Before Beatlemaniacs, there were Kentonites — serious fans of big band leader Stan Kenton. He filled concert halls with a “Wall of Sound” when future music producer Phil Spector was a boy in the Bronx.
Kenton died in 1979 but remains a jazz cult figure on par with Sun Ra and Chet Baker. His music lives on in the Mike Vax Big Band from Los Angeles, which will perform on Saturday, May 3, at the Ted Mann Concert Hall.
Vax was a trumpet soloist in Kenton’s band; many other members of his band are Kenton alumni. His show will be more than a blast from the past.
“This is not just a nostalgia band,” says Jerry Swanberg, host of KBEM’s “Big Band Scene.” “Half their tunes are contemporary big band charts written by great L.A. arrangers that tie into Kenton in some fashion. Stan Kenton’s style was very contemporary for its day.”
Swanberg has high praise for the trumpet section: “It’s truly an all-star lineup. All played with Kenton and with other people like Maynard Ferguson and Woody Herman. Four out of five lead their own big bands. All the sections are great, but the trumpets are special — in my opinion, some of the best in the world.”
With five trumpets, five saxophones, five trombones, a rhythm section (piano, bass, drums), Latin percussion, and two vocalists, the Mike Vax band carries on the Kenton sound: big, bold, and brassy. “I love the stuff,” Swanberg says. “They swing as well. I think it’s going to be a great concert.”
Uncertainty about the future
The Mike Vax show is the final concert in the 2007-08 Northrop Jazz Season, a program of the University of Minnesota’s Department of Concerts and Lectures. Some series subscribers, including this writer, have wondered if it might be the final concert of the penultimate season.
Now in its 15th year, the Northrop Jazz Season was launched in 1993 by Dale Schatzlein, the Northrop Auditorium director who also created the Northrop Dance Season. A lover of the arts and active collaborator with other Twin Cities arts organizations, Schatzlein died on Aug. 31, 2006, while mountain biking in the Colorado Rockies.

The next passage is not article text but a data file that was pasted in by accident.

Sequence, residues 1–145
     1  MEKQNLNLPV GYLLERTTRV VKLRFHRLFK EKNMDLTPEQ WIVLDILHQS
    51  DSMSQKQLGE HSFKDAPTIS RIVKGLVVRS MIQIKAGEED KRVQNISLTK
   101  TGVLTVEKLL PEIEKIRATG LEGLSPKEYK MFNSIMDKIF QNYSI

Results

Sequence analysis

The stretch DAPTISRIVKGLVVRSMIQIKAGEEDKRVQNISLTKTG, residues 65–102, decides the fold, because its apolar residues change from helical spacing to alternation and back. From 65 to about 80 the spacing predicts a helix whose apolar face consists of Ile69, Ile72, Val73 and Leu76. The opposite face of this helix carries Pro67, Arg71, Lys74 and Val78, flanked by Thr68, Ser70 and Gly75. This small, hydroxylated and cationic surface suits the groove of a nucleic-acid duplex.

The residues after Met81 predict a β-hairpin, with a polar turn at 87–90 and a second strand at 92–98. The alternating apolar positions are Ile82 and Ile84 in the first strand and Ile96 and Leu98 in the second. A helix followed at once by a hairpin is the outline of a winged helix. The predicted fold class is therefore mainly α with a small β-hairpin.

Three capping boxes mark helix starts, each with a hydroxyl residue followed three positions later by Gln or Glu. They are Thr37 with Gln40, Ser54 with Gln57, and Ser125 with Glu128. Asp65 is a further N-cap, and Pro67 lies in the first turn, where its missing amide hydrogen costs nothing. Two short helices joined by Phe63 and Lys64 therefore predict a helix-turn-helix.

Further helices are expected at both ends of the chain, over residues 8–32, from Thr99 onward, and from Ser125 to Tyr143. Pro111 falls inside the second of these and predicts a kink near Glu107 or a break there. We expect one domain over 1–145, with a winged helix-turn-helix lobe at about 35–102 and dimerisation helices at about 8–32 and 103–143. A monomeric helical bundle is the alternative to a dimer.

Like the death of longtime Schubert Club head Bruce Carlson a month earlier that year, Schatzlein’s passing was a blow to the Twin Cities arts community and beyond. Both were known as visionaries, seekers and relationship builders. Schatzlein had run Northrop for 21 years, Carlson the Schubert Club for 38 years. How would their programs survive without them?
Carlson had battled leukemia since 2002. Schatzlein’s death was sudden and unexpected. The Schubert Club named Kathleen van Bergen as its new executive director in January. Northrop currently has an interim director, Sally Dischinger, and is running an ad for a director of concerts and lectures.
During its search for a new director, the Schubert Club communicated frequently with subscribers by mail and email. Its 2008-09 International Artist Series, the organization’s flagship series, was announced in March and subscriptions are being sold.
In January, a publication called the “Northrop News” arrived in my mailbox in a glassine envelope. A message from Dischinger included these words: “I have also begun previewing and booking performers for the 2008-09 Jazz Season. Watch your mailbox for an announcement in the spring!”
Not a peep since then.
Why the series matters
Why does it matter if the Northrop Jazz Season endures? Because live jazz keeps jazz alive. Because the prestigious series has broadened and deepened the music scene in Minnesota and made the Twin Cities a destination for international jazz artists.
Schatzlein brought in the best of the best and wasn’t shy about taking chances. Wynton Marsalis came; so did Cecil Taylor. We saw Herbie Hancock, Ornette Coleman, Cassandra Wilson, Carla Bley, Oscar Peterson, Chick Corea, the Buena Vista Social Club and the Bad Plus. Sonny Rollins has been here four times.
The list of performers from the past 15 years reads like a Who’s Who of Jazz, with an occasional “Who’s That?”
It matters that the state’s leading university considers jazz vital enough to assume the expense and headache of booking jazz artists, a process akin to corralling cats, for audiences who may or may not show up. If you want to make a lot of money, don’t schedule a jazz series.
A commitment from the university
Steven Rosenstone, the U’s vice president for scholarly and cultural affairs, told MinnPost that the Northrop Jazz Season will continue into 2008-09 and beyond.
Rosenstone is the former dean of the College of Liberal Arts, the U’s largest and most diverse college. During his 11-year tenure as dean, he provided critical leadership in developing the West Bank Arts Quarter.
He also co-chaired an advisory committee appointed by university
President Robert Bruininks to determine the future of Northrop
Auditorium, once the Carnegie Hall of the Midwest and now an underused
behemoth with giant-sized problems.
In a Feb. 9 report to the U’s Board of Regents, the committee described Northrop as “a sacred, aging and crumbling icon in the center of campus that is only used for occasional, large gatherings.”